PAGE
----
Hanover Compressor

(HC)

has a bad habit that it can't seem to shake.

Despite intense scrutiny from regulators and individual investors alike, Houston-based Hanover, which makes pumps to transport natural gas, has continued to use aggressive accounting techniques to hide expenses and increase its net income.

Reports of the firm's off balance sheet dealings, which kept $1.14 billion of debt off the firm's balance sheet in 2001, have been well-publicized, but Hanover has also engaged in other questionable transactions this year that haven't received as much attention.

In the first quarter, for example, the company advanced $400,000 to President and CEO Michael McGhan and $100,000 to senior vice president Robert Pierce, in return for interest-bearing unsecured notes that mature on Sept. 30, 2002.

Company officials didn't return repeated phone calls seeking comment.

Polonius

While company loans to related parties aren't uncommon, Robert Bricker, an accounting professor at the Weatherhead School of Management, said it can become a problem if loans aren't repaid in a timely manner. For the whole of 2001, Hanover advanced cash of $2.2 million to McGhan, which was still outstanding at the end of March.

Of course, that amount is a far cry from the $2.3 billion in loans extended to the founding family of

Adelphia,

which has since filed for bankruptcy. But individual investors are still being deceived, according to Bricker, because they often don't realize that big receivables have been used for investments that are potentially very risky. "Essentially, the company has become the guarantor because their money is on the line," he said.

Hanover is no stranger to controversy. In February the firm said it was under investigation by the

Securities and Exchange Commission

and announced that it would restate results for the last seven quarters after improperly recognizing revenue on its Hampton Roads joint venture as well as its acquisition of two compressors and its sale of three turbine engines and a compressor. The company also said it was hiring a new chief financial officer, but the former CFO has stayed on as vice chairman.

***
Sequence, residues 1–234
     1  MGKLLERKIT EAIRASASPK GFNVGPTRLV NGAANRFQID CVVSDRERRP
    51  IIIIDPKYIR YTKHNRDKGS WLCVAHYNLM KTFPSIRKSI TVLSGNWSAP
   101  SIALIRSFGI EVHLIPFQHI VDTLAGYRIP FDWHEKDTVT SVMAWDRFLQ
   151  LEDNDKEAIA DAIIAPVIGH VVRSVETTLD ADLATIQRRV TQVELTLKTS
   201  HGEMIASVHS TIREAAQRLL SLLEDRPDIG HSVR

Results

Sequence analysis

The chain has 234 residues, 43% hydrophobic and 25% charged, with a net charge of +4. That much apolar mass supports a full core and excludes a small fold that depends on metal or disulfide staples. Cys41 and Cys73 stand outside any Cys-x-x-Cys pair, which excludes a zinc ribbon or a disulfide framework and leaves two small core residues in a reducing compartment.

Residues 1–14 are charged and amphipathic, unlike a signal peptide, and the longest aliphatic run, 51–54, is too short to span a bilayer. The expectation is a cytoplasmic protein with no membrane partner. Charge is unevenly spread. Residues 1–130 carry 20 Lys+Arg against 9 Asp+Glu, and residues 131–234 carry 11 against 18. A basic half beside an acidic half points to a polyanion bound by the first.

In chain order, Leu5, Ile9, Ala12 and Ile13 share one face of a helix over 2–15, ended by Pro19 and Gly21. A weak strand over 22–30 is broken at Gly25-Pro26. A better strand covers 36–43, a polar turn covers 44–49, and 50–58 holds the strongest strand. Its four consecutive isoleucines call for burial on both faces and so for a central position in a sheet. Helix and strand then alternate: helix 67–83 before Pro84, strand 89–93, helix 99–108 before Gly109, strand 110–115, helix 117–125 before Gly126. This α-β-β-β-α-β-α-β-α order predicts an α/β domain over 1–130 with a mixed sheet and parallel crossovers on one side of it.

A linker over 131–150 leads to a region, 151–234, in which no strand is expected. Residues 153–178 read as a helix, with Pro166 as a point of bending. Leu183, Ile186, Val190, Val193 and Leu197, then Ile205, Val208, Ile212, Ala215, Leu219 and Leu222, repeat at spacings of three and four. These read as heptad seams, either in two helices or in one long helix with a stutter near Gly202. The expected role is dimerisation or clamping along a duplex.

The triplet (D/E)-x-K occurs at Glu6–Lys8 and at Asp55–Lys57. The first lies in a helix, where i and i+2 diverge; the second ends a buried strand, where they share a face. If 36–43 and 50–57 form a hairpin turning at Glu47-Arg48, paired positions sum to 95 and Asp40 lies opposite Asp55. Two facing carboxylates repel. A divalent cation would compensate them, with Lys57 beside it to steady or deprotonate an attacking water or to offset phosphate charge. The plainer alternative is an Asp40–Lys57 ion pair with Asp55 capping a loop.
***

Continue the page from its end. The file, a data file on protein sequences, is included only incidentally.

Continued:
Hanover has fallen 25% since the revelations were first made, prompting some analysts, such as Merrill Lynch's Mike Clark, to upgrade the stock, citing a more attractive valuation.

Clark said while there are a number of unresolved issues, he believes the stock is worth $16 on the basis of conservative discounted cash-flow analysis. The stock last closed at $12.03.

"The basic compression rental business generates returns in excess of the cost of capital in our judgment," he said in a research note last month.

Although the loans to executives are an "automatic red flag," Clark said Monday that they are relatively small and would only concern him if they were not repaid by the due date in September.

In addition, he said he is comfortable with the firm's off balance sheet transactions

which add about 30 cents a year to earnings, according to his estimates, because he believes the proper disclosures have been made.

Sustenance

Still, some experts remain troubled by the firm's accounting practices, particularly after some disturbing trends were revealed in Hanover's most recent 10-Q.

One concern is that Hanover has been using noncash, non-sustainable gains to boost net income. Net income dropped to $5 million last quarter from $19.8 million a year ago and $11.8 million in December, largely because of a decline in accounts payable and accrued liabilities.

But most of the $5 million profit came from noncash gains, according to a note from the Center for Financial Research and Analysis. Specifically, the company recorded a gain from the sale of property, plant and equipment, as well as a gain from equity in income of nonconsolidated affiliates and a gain on derivative instruments. Without such gains, the company would have reported net income of just $600,000 in the quarter.

Strip out benefits that were gained from a change in the firm's depreciation policy, and net income would have declined even further. Hanover changed the useful life of certain compression equipment from 15 to 30 years last year, leading depreciation expenses to fall to about $3.3 million. That boosted net income by $2 million, or 2 cents a share.

In addition, inventory, debt levels and interest expense have been increasing sharply, and operating cash flow actually turned negative last quarter.

Those issues have led some to wonder whether Hanover will issue an earnings warning for the June quarter. Hanover is currently expected to post earnings of 17 cents a share in the second quarter and 77 cents for the year.

Clark said he wouldn't be surprised if the firm did warn or provide very cautious guidance when it reports second-quarter results, because of the wide earnings miss in the first quarter and because the company has been taking too long to renegotiate contracts in Argentina.

"There is some near-term earnings risk," he said.